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Dividend Recapitalization

What is a Dividend Recapitalization?

A Dividend recapitalization (aka a dividend recap) involves the issuing of new debt (typically by a private company), that is later used to pay a special dividend to shareholders (reducing the company’s equity financing in relation to debt financing). The source of the dividends distributed as a result of dividend recapitalization is newly incurred debt, not the company’s earnings.


Dividend recapitalizations are a common move in the private equity (and to a lesser extent venture capital) playbook. This is because private equity can take some of the equity out of the business that they have invested & replace it with debt, which has numerous benefits for the investors including limiting downside of their investment whilst keeping upside, increasing their reported distributions to LPs and maximising IRR and carry.


Potential Uses & Benefits Of Dividend Recapitalization

1. To exit an investment

Dividend recapitalization is frequently by private equity firms as a method of exiting an investment. In such a case, dividend recapitalization is a viable alternative to conventional exit routes such as a sale of the stake to another private equity firm or an Initial Public Offering (IPO).


2. To recover an initial investment

Dividend recapitalization can be used in situations when an investor (investment company) wishes to recover its initial investment without losing its stake in a company. E.g. PE firm XYZ invests $10m in a company. The value of this stake grows to $20m. PE firm XYZ recapitalises the business with $10m of debt and pays this out as a dividend. PE firm XYZ now has received its initial investment back in full, whilst keeping potential upside should the $20m equity stake grow to $30 or 40m.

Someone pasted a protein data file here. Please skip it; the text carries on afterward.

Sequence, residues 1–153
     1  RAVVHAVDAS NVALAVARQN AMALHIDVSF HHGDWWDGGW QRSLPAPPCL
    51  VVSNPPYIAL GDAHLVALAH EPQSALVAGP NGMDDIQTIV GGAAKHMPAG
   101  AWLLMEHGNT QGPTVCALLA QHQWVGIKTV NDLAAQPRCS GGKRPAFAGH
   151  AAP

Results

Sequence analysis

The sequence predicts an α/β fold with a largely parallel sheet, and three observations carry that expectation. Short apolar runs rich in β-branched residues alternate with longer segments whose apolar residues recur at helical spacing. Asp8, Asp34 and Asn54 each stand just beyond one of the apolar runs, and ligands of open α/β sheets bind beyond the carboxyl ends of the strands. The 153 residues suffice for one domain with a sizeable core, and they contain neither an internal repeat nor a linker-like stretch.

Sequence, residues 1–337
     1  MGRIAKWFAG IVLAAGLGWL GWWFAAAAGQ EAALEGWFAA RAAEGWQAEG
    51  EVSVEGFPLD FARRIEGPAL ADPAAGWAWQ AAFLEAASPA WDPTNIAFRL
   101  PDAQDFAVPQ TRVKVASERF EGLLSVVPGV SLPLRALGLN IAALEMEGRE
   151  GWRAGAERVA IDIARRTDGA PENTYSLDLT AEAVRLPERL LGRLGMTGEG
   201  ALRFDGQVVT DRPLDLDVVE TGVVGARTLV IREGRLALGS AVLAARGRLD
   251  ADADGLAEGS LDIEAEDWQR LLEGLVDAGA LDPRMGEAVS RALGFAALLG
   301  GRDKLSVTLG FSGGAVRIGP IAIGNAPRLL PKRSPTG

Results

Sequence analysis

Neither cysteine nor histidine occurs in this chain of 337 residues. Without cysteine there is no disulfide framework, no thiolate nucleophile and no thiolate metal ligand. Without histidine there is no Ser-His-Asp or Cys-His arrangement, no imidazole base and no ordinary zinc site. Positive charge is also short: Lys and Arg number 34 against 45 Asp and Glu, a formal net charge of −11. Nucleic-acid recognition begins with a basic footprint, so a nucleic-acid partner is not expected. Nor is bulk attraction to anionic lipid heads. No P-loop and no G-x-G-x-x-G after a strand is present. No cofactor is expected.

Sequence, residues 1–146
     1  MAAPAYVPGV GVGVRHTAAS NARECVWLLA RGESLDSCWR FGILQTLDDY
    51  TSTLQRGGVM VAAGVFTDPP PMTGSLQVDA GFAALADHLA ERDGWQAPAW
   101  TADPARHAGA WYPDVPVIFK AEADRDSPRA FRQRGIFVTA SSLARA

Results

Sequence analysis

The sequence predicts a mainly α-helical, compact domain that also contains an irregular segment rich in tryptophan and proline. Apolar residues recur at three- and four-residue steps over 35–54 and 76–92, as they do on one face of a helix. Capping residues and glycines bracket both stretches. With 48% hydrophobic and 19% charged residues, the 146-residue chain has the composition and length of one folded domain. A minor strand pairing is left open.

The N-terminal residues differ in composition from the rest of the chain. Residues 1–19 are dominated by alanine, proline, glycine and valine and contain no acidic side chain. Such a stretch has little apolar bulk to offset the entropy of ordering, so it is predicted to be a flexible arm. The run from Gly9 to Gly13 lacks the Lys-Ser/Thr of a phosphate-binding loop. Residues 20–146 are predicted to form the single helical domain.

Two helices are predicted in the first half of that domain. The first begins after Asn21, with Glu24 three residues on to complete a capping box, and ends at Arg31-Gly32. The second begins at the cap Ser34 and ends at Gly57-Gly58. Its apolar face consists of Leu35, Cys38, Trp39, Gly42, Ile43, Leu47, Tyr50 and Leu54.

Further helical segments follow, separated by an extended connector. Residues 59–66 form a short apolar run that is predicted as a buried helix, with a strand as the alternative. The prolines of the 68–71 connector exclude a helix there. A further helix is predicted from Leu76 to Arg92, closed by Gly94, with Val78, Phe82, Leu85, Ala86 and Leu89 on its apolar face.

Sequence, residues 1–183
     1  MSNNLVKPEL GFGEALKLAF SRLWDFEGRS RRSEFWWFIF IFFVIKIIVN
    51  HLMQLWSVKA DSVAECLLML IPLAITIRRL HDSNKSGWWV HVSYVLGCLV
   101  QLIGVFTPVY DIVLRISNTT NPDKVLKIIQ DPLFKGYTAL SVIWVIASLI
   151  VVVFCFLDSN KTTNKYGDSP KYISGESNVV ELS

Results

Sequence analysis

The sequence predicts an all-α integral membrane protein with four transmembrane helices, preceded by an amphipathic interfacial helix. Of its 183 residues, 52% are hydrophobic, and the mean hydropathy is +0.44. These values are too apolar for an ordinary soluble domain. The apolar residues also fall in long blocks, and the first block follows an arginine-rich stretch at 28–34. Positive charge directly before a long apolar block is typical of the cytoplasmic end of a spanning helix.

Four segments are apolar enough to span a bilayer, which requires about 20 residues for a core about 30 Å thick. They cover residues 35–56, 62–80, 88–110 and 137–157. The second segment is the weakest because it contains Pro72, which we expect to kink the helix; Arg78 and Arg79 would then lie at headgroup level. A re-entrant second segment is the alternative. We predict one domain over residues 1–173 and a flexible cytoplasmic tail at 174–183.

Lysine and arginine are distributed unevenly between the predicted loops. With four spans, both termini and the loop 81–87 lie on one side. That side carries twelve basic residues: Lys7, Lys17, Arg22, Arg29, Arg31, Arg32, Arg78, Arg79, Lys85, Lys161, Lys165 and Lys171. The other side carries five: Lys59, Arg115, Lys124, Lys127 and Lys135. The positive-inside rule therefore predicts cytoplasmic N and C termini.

3. To avoid using earned profits for dividends

Dividend recapitalization also eliminates the necessity to use the company’s earned profits to distribute dividends to shareholders.


Risks from Dividend Recapitalization

Although dividend recapitalization is beneficial to private equity shareholders who can recover their initial investments, it can also be dangerous for the company that undergoes the process. As a company increases its leverage, there is a higher probability of default on its financial obligations. Therefore, the recapitalization may potentially lead to financial distress and, ultimately, to bankruptcy.


Because of the increased financial risk involved, creditors and shareholders who are not entitled to receiving a special dividend (e.g., common shareholders) generally do not favour the practice. It leaves the company more vulnerable to unforeseen business problems and adverse market conditions. In addition, the company’s credit rating may decrease.


Therefore, private equity firms usually undertake thorough due diligence to ensure that the company is suitable for dividend recapitalization and possesses sufficient capacity to take on more debt on its balance sheet. Insolvency tests, such as the balance sheet test or cash flow test, are commonly included in the due diligence process.


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